Black Lives Matter was never a grass roots organization, but rather a consortium of Marxists who mask their communist and fascist sympathies under a veneer of racial injustice.  The grass roots part has taken on characteristics far different from their statement of being “restorative,” anti-racist and egalitarian, “building a beloved community to cultivate a communal network” that “practices justice, liberation, and peace in our engagements with one another.”

The first question to ask rioters destroying police cars, buildings and private property is, “How is this bringing ‘peace in our engagements with one another’?”
If black lives really mattered to Black Lives Matter, the corporation, why do the rioters not distinguish between white and black policemen and policewomen when they are throwing bricks and molotov cocktails?
If black lives really mattered to Black Lives Matter, why do they graffiti and destroy black owned businesses without discrimination?
If black lives really mattered to Black Lives Matter, why do they not address the black-on-black violence that takes more lives in a month than police kill in years?
If black lives really mattered to Black Lives Matter, why are they destroying the fabric of communities that invite resources to come there?
If black lives really mattered to Black Lives Matter, why do they not address the pillaging of a Florida WalMart by an almost entirely black mob or the trashing of a Nashville mini golf course?

If black lives really mattered to Black Lives Matter, why are they not addressing what some activists are calling “womb lynching” of black babies?

In the late 70s Jesse Jackson called abortion “murder” and once told a black newspaper in Chicago that “we used to look for death from the man in the blue coat and now it comes in a white coat.”

“According to a city Health Department report released in May, between 2012 and 2016 black mothers terminated 136,426 pregnancies and gave birth to 118,127 babies. By contrast, births far surpassed abortions among whites, Asians and Hispanics.” (WSJ, Jason Riley).  At a ratio of 474 abortions per 1,000 live births across the entire US (more than 40%!), black women have the highest ratio of any group in the country.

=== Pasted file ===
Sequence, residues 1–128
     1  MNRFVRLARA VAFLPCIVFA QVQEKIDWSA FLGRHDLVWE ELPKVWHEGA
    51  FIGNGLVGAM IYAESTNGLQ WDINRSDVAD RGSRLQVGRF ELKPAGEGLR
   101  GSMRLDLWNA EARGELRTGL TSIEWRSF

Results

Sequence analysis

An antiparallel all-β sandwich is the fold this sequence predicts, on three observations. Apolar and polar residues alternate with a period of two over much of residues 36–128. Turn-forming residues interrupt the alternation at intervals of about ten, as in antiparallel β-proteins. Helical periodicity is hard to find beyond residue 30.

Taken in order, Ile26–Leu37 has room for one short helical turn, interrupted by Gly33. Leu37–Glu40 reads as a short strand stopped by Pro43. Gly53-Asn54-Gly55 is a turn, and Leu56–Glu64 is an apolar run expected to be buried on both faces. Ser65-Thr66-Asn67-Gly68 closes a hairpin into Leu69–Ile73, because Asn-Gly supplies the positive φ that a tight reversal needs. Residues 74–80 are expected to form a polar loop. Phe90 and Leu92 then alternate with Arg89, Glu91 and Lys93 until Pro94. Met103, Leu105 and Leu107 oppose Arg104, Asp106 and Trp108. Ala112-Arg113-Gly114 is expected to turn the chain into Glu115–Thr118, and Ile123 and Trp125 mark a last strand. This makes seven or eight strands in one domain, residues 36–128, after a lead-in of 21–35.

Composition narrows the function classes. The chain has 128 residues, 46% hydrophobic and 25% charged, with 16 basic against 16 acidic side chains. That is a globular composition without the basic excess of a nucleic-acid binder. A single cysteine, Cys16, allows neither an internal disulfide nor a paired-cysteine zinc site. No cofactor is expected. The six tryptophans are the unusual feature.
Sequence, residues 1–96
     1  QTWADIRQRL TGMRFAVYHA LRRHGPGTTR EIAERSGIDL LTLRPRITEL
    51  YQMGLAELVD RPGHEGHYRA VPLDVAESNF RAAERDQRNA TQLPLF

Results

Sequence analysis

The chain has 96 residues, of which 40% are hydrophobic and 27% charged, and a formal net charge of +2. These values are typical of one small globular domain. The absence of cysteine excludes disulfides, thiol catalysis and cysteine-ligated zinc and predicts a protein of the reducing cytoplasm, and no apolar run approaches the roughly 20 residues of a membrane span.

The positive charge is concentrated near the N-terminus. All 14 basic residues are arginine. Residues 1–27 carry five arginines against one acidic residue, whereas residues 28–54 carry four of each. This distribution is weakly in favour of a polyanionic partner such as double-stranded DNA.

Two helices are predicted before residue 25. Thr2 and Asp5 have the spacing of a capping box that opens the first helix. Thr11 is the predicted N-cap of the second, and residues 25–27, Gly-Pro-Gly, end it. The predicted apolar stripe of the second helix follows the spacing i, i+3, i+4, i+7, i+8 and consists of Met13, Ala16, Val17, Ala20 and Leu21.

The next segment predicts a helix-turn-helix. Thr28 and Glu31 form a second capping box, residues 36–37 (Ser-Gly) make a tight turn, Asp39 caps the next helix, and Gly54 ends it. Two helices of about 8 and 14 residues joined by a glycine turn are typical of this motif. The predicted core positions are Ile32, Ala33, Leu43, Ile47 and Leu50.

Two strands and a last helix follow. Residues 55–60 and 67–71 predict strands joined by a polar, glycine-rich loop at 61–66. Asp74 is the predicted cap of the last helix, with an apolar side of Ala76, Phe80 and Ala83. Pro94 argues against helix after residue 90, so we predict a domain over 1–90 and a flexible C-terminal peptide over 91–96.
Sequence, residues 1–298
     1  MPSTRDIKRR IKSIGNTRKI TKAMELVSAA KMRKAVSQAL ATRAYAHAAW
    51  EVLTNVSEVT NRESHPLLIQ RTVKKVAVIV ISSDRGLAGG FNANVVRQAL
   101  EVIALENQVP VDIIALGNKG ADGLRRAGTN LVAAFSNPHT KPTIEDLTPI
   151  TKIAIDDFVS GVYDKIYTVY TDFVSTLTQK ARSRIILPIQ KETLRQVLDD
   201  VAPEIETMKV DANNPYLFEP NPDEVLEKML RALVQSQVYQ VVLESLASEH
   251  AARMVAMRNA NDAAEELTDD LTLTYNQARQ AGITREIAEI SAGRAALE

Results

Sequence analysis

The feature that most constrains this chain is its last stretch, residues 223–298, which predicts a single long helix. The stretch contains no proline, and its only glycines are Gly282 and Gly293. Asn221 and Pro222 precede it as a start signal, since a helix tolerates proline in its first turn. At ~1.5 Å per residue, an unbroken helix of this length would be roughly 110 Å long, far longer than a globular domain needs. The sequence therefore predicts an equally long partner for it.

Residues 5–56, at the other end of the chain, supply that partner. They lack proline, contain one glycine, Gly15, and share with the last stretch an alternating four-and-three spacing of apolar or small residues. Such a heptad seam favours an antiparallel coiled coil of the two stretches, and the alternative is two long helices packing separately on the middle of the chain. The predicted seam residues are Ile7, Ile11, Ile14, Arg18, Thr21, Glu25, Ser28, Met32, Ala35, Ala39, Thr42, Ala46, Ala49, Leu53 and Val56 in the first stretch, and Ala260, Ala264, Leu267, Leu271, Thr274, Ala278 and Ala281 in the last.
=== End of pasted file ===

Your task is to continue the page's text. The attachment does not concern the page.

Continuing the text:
Writing in Commentary magazine, Jason Hill, a professor of philosophy at DePaul University, noted the hypocrisy of groups like Black Lives Matter, who “want white people to esteem black lives and value the humanity of black people when they themselves can’t condemn and express moral outrage at those who maim and kill black children in the course of gang warfare, senseless street violence, and drive-by shootings.
“The moral hysteria raised by a few incidents of police brutality in the face of this larger national tragedy is reckless hyperbole and hides from the nation a deep malaise at work in the psyche of some in the black community: a form of self-hatred that manifests itself in a homicidal rage not fundamentally against white people, but against other black people.”

It is intriguing is that Planned Parenthood does not support black lives, though the abortion giant supports Black Lives Matter.

“When you combine the amount of black violent behavior directed at other blacks with the number of pregnancies terminated by black women, the rate at which blacks willingly end the lives of one another is chilling and far surpasses what goes on within other racial and ethnic groups. Racial disparities in abortion rates are no less disturbing than racial disparities in income, crime, poverty and school suspensions. Why are the people who want to lecture the rest of us about the value of black lives pretending otherwise?” (Jason Riley, a black syndicated columnist)

As for the racism of BLM, now a white actor is not even allowed to voice a black cartoon character!  So how does one address the portrayal of historical figures like Aaron Burr, Angelica Schuyler and her sisters, Hercules Mulligan, George Eaker and others in Hamilton by excellent, but much more melanized, actors than the real historical figures?  The cries of systemic racism ring hollow when they are voiced by “anti-racists” who are more racist than those they are protesting. 

Many black authors and pundits would certainly agree, as I do, that black lives matter.  But my black friends do not have any qualms about asserting Chinese lives matter; Asian Indian lives matter; Australian lives matter; Mongolian lives matter; Dutch lives matter; Egyptian lives matter; yes, all lives matter.  Because it is not the color of the skin that matters.